We all know exercise is the answer to physical fitness. But exercise is great for our brains as well. "The link between exercise and mood is pretty strong. Usually within five minutes after moderate exercise you get a mood-enhancement effect." Michael Otto, PHD and Professor of Psychology at Boston University. The great news is that it doesn’t require spending a huge chunk of time at the gym to reap the benefits of exercise. Although 30 minutes of moderate exercise 5 days a week is ideal, you’ll begin to experience the positive impacts with just a 5-minute walk, if that’s all you have to give. Starting small can actually prove beneficial because you’ll be more likely to accomplish your exercise goals if you don’t set them too high.
Want some motivation? Here are 4 ways that exercise affects your mood.
Exercise results in a ‘feel good’ state which can alleviate depression.
Exercise relieves depression symptoms in numerous ways. Active movement releases endorphins, otherwise known as the “feel-good chemicals” in your brain. Exercise also promotes changes and new activity patterns in the brain that enhance feelings of calm and well-being. Exercise is a meaningful activity that provides a sense of accomplishment. Getting out of your head and into your body helps break the cycle of negative thinking that feeds depression.
Exercise is a wonderful addition to anti-anxiety treatment
Those endorphins released by exercise can also help combat anxiety, but exercise may actually do more for anxiety than just that. People with heightened sensitivity to anxiety tend to react with fear to the physical sensations of a stimulated nervous system. For example, when you jump at the sound of a dog barking, it may set your heart to racing. If you don’t have anxiety, once you realize there’s no threat, your heart rate slows, and you move on. But if you do have anxiety, the rapid heart rate may set off fear and panic, even after you notice the dog is behind a fence. Research suggests that regular exercise can retrain the brain to experience the stimulated nervous system (sweating, rapid heart rate, etc.) as safe, thereby lessening the likelihood of panic in situations like the one mentioned above. Similarly, exercise and the resultant ‘feel good phenomenon’ helps reduce symptoms of PTSD and trauma.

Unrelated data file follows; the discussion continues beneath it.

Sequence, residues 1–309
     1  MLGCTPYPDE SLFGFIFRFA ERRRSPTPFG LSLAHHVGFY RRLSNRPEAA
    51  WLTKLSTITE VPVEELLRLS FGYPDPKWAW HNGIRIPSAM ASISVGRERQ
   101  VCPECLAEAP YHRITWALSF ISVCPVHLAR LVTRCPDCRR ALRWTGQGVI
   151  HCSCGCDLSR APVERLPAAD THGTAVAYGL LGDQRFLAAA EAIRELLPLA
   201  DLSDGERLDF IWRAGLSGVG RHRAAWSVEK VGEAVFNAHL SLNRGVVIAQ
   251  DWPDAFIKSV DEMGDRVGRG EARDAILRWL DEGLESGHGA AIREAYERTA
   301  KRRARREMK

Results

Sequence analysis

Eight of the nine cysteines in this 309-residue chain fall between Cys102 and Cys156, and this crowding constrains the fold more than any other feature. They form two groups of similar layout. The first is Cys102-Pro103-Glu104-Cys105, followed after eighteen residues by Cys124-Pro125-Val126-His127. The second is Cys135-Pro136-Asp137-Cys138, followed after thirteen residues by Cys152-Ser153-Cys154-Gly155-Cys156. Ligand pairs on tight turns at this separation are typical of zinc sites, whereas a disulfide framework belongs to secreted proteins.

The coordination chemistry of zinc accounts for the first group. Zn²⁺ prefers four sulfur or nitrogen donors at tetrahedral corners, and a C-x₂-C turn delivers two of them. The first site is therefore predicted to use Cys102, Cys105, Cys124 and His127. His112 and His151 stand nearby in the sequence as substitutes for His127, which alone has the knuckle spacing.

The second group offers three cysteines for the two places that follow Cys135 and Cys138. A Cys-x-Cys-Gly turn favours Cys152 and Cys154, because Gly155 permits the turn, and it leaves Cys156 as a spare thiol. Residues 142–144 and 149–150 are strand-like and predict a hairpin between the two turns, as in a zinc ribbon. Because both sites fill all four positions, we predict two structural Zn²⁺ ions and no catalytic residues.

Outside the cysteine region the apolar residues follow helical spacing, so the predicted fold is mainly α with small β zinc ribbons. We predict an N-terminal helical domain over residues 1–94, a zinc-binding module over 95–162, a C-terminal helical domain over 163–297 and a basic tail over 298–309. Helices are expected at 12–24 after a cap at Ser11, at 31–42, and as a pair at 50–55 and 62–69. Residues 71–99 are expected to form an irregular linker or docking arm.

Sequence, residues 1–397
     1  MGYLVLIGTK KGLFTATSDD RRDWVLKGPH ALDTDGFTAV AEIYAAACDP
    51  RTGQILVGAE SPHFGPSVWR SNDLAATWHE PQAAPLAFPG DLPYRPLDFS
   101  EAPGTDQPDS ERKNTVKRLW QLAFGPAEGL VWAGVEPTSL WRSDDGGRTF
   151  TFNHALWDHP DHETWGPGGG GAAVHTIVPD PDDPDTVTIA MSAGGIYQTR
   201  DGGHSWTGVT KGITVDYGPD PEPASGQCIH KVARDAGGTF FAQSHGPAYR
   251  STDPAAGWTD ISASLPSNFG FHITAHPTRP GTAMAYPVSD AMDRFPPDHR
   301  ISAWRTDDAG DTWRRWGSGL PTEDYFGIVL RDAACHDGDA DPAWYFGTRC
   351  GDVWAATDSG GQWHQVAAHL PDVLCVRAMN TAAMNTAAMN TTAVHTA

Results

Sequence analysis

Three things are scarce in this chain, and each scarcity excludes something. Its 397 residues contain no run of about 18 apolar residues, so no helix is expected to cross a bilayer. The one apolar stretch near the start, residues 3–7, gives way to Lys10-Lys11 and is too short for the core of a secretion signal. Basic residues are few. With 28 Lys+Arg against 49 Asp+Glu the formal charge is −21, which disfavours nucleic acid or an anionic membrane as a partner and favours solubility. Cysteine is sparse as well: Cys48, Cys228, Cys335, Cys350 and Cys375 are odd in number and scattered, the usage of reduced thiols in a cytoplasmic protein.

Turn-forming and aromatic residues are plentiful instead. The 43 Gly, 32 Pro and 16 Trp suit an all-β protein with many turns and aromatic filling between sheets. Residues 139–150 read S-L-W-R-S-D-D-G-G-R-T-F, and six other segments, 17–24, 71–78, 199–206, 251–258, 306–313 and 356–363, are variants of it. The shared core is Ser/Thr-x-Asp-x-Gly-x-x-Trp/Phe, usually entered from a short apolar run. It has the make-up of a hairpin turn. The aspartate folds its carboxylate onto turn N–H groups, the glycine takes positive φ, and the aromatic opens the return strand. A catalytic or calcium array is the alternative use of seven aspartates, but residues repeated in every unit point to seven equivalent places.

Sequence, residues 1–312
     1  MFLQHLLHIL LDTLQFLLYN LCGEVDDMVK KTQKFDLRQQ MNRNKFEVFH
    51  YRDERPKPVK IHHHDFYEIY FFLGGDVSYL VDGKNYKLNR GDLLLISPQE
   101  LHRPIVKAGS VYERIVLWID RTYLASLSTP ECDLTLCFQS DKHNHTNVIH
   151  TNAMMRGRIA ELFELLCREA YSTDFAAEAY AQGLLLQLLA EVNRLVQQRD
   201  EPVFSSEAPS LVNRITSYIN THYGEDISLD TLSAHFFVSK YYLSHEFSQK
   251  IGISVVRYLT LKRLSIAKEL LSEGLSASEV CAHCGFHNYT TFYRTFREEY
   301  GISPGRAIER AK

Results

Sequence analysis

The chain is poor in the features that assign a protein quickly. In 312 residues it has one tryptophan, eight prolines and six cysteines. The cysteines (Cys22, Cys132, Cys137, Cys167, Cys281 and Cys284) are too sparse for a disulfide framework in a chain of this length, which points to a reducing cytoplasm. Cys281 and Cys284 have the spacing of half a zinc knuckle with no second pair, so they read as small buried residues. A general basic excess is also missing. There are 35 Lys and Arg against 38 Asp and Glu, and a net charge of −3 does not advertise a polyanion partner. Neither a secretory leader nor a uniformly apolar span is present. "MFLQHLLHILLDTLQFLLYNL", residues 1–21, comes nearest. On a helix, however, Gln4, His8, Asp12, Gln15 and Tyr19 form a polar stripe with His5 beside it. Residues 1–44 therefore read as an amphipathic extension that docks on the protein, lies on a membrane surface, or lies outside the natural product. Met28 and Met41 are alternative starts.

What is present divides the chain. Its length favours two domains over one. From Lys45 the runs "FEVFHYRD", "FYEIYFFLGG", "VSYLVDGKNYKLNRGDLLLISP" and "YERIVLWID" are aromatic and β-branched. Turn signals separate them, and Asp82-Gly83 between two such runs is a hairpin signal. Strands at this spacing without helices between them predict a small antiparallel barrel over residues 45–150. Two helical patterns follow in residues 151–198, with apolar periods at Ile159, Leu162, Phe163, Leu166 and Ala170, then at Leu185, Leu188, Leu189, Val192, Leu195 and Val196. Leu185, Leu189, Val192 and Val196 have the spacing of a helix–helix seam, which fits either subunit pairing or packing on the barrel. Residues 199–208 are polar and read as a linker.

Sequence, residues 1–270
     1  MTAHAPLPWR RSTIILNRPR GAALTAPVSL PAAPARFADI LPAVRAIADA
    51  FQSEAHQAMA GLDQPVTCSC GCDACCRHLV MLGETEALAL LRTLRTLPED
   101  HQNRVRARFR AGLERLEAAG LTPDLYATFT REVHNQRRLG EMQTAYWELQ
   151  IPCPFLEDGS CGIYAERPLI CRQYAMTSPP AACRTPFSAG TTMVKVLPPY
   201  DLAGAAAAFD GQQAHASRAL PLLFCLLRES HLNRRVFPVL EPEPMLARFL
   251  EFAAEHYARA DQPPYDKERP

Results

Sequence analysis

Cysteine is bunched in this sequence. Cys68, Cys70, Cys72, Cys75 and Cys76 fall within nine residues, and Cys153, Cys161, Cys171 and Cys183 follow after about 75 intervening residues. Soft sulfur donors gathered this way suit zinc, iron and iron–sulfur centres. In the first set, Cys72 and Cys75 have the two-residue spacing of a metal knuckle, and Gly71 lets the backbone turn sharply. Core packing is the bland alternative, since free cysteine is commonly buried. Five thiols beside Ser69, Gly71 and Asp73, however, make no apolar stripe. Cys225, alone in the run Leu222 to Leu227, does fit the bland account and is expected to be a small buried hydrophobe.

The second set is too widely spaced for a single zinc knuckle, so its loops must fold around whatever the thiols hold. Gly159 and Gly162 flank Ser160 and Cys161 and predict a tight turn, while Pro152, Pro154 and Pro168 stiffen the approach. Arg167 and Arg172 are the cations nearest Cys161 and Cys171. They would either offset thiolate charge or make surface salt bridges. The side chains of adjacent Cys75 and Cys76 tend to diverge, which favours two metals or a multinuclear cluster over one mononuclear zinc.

Exercise and symptoms of ADHD
Much like some ADHD medications, exercise boosts levels of dopamine, norepinephrine, and serotonin, greatly affecting levels of focus and attention.
Physical activity increases focus, concentration, motivation, memory, and mood in all of us, but people with ADHD may experience the impact of these improvements more than most.
Exercise boosts self-esteem
How we feel about ourselves is affected by how we feel on physical, emotional, and mental levels. For example, exercise helps regulate sleep patterns. And when we get more sleep, we feel better physically. Exercise also combats stress, increases focus, and provides a sense of confidence and mastery, thus improving our mental state. Additionally, exercise increases our emotional resilience by providing us with an outlet for stress and helping us gain a sense of control over symptoms of depression and anxiety. The combination of all these positive impacts on our physical, mental, and emotional well-being greatly enhances our self-esteem.
Exercise is important for the health and well-being of everyone.
When used in combination with other therapies, exercise is effective in treating anxiety, depression, and other mental health issues. Alvarado Parkway Institute, with locations in El Cajon, San Diego, and La Mesa, CA, has helped thousands of people with mental illness and substance abuse disorders find what they need to cope, heal, and thrive. We can help you, too. If you have questions about our services or programs, please give us a call or fill in the contact form on our web page. Or call our 24-hour crisis line at 619-667-6125.
Remember, you don’t have to do it alone. We’re here for you.